Published on February 22, 2013 by Carol
This conflict began with the massacre of about 50 Americans near an army post in Georgia — climax to a series of raids against American settlements by Seminole based in Spanish Florida. Brigadier General Edmund P. Gaines, Indian commissioner of the area, attempted countermeasures but soon found himself and his force of 600 Regulars confined to Fort Scott, Alabama by the Seminole. War Department instructions to Gaines had permitted the pursuit of Indians into Florida but, had forbidden interference if the Indians took refuge in Spanish posts.
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Major General Andrew Jackson, who was ordered to take over the operation, chose to interpret Gaines’ instructions as sanctioning a full-scale invasion of the Spanish colony. He organized a force of about 7,500 volunteers, militia, subsidized Creek Indians, and Regulars, and invaded Florida with part of thin force in the spring of 1818.
Jackson destroyed Seminole camps, captured Pensacola (capital of Spanish Florida) and other Spanish strongholds, and executed two British subjects, Alexander Arbuthnot and Robert Ambrister, accused of inciting and arming the Indians. These activities threatened American relations with Great Britain and jeopardized negotiations with Spain pertinent to cession of Florida (Adams-Onis Treaty, 1819). Eventually the British were mollified and a compromise agreement was reached with the Spanish under which American forces were withdrawn from Florida without repudiating the politically popular Jackson. As for the Seminole problem, it was temporarily allayed but by no means solved.
In the Treaties of Payne’s Landing in 1832 and Fort Gibson in 1833, the Seminole had agreed to give up their lands, but they refused to move out. Following the arrest and release of Osceola, their leader, in 1835 Seminole depredations rapidly increased. These culminated on December 28th in the massacre of Captain Francis L. Dade’s detachment of 330 Regulars enroute from Fort Brooke in Tampa to Fort King in Ocala – a disastrous loss for the small, Regular force of 600 men in Florida. Brigadier General Duncan L. Clinch, commanding Fort King, took the offensive immediately with 200 men and on December 31, 1835 defeated the Indians on the Withlacoochee River.
The War Department, meanwhile, had ordered Brigadier General Winfield Scott, commander of the Eastern Department, to Florida to direct operations against the Seminole. Most of the hostilities had occurred in General Gaines’ Western Department, but the War Department expected impending troubles in Texas to keep Gaines occupied. Nevertheless, Gaines had quickly raised about 1,000 men in New Orleans and, acting on his own authority, embarked for Florida in February 1836. Even after learning of Scott’s appointment, Gaines seized supplies collected by Scott at Fort Drane and pressed forward until heavily attacked by Seminole. He succeeded in extricating his force only with help from Scott’s troops. Shortly thereafter Gaines returned to New Orleans.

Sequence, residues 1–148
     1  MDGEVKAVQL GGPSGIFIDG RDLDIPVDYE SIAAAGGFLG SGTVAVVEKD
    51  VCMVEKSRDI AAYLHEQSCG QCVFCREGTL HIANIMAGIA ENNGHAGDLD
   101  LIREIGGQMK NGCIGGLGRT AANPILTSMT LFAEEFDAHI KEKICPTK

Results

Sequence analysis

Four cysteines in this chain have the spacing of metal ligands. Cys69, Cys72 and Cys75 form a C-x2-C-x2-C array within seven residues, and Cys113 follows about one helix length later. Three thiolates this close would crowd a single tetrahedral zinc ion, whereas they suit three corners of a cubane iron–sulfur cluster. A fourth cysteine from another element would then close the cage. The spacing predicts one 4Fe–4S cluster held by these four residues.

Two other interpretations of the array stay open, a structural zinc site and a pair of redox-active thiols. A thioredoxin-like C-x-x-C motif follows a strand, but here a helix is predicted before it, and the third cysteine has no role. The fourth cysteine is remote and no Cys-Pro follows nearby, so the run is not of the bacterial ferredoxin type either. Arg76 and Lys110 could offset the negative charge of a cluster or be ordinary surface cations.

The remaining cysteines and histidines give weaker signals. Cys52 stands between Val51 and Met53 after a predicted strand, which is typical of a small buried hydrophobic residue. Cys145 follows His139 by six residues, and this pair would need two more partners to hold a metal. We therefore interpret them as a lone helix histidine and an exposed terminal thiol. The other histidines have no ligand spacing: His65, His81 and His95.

Completion of preparations for Scott’s proposed three-pronged offensive converging on the Withlacoochee River were delayed by Gaines’ use of Scott’s supplies, expiration of volunteer enlistments, and temporary diversion of troops to deal with the Creeks who were then on the warpath in Georgia and Alabama. Before the campaign could get underway, Scott was recalled to Washington to face charges of dilatoriness and of casting slurs on the fighting qualities of volunteers. Beginning in December,1836, Major General Thomas S. Jesup carried out a series of small actions against the Seminole, and in September, 1837 Osceola was captured. Colonel Zachary Taylor decisively defeated a sizeable Indian force near Lake Okeechobee in December, 1837.
After Taylor’s expedition no more large forces were assembled on either side. Numerous small expeditions were carried out chiefly by Regular troops commanded successively by Jesup, Taylor, and Brigadier General Walker A. Armistead, and many posts and roads were constructed.
Colonel William J. Worth finally conceived a plan which consisted of campaigning during the enervating summer seasons with the object of destroying the Indian’s crops. This plan was successful in driving a sufficient number of Seminole from their swampy retreats to permit official termination of the war on May 10, 1842.
During the long and difficult campaign some 5,000 Regulars had been employed (including elements of the 1st, 2d, 4th, 5th, 6th, 7th, and 8th Infantry) with a loss of nearly 1,500 killed. Nearly 20,000 volunteers also participated in the war which cost some thirty-five million dollars and resulted in the removal of some 3,500 Seminole to the Indian Territory.
The final campaign against the remnants of the Seminole in Florida consisted mainly of a series of skirmishes between small, roving Indian bands and the 4th Artillery which was stationed at Fort Brooke.